Ideologically then, this is not supported by communism, socialism or capitalism, and in fact in the Venus Project all of these approaches would be eliminated. Resources would be distributed among people based on a scientific methodology. All of this would have the benefit of removing the concept of elitism. It would also cut back on crime, since people are often motivated to steal because they do not have anything themselves, so Fresco believes that getting rid of the monetary system would have this outcome – hence the need for no prisons or police.
Fundamentally in the Venus Project, Fresco explains that people would regain the ability to live again. It is Fresco’s belief that through chasing money and power and material worth people have lost that ability and they need to re-learn it. On the subject of learning, people would be free to learn what they wanted. They would be free to go back to school and become creative, and as he puts it, travel and sail the seas.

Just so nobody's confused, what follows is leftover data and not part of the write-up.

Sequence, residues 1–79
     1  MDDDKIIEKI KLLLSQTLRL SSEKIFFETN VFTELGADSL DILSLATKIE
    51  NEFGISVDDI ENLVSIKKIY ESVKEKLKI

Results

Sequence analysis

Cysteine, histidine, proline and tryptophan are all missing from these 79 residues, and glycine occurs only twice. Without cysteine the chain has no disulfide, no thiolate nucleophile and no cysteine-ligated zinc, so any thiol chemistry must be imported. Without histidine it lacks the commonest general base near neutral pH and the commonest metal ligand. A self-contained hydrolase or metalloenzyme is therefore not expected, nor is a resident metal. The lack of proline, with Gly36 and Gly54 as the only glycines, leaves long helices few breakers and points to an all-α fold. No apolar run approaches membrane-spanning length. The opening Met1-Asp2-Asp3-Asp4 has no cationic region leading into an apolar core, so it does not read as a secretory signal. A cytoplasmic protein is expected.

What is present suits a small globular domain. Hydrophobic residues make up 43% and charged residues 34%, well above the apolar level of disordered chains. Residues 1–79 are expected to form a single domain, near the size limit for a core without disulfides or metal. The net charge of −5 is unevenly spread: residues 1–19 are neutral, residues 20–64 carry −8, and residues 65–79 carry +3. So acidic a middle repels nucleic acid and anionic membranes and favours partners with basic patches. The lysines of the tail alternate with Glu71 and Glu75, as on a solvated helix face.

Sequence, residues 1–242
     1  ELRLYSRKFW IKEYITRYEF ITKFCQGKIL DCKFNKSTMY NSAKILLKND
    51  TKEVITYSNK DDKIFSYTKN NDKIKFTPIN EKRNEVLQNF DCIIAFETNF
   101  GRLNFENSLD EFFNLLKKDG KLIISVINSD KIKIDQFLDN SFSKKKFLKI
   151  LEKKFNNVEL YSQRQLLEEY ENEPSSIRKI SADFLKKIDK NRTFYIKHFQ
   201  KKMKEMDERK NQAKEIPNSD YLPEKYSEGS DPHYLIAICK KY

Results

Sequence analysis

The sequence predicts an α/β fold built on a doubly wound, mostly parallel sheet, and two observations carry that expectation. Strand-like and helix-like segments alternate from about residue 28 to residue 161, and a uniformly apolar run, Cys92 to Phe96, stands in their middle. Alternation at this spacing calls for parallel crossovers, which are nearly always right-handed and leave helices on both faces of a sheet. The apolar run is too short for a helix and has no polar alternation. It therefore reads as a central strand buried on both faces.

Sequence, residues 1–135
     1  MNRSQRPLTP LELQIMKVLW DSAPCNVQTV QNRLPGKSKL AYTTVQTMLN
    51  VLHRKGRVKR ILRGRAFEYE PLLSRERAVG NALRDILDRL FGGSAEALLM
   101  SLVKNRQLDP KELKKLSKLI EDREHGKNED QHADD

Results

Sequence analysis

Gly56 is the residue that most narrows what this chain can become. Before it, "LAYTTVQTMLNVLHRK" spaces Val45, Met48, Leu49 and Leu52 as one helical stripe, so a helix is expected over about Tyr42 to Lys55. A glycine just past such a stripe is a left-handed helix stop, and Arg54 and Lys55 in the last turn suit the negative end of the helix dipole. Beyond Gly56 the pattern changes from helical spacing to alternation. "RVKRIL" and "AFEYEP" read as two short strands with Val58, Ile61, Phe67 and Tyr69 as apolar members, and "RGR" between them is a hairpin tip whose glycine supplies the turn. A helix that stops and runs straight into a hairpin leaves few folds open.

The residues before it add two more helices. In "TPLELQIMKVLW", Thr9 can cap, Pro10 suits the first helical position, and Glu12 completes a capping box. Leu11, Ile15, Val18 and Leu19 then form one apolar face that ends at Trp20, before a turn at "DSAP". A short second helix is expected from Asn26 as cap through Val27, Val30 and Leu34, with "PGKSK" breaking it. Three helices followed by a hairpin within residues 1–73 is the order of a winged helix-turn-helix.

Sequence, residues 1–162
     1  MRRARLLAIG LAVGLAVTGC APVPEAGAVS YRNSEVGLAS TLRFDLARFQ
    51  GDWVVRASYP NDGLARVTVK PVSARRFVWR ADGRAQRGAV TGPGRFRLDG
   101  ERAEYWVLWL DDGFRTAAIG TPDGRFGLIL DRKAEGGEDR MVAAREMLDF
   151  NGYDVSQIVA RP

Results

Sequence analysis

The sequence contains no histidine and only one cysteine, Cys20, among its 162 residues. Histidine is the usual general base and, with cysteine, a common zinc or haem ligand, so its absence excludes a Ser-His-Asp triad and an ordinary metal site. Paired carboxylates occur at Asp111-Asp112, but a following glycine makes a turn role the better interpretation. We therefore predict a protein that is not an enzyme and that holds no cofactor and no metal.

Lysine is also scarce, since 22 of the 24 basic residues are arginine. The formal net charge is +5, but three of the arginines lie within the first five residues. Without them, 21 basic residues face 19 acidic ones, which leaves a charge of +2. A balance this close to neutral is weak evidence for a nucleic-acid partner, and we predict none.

Utopias of the past
Fresco´s project sound wonderful and also similar to other attempts of describing an utopian way of living. In 1516 Thomas More published “Utopia”, a work of fiction and political philosophy that described a perfect society happening in a fictional island. In the aftermath of the industrial revolution, Utopian socialism started to flourish inspired by the pioneering oeuvre of Thomas More. Its founders were social reformers like Charles Fournier and Robert Owen.
Utopian Socialists were philanthropists and social reformers that sketched visions and outlines for imaginary or futuristic ideal societies, thriving with positive ideals such as happiness prosperity and well being for all. Many of their attempts, if not all, failed, but some small scale initiatives gave rise to other projects, that have influenced our world of nowadays.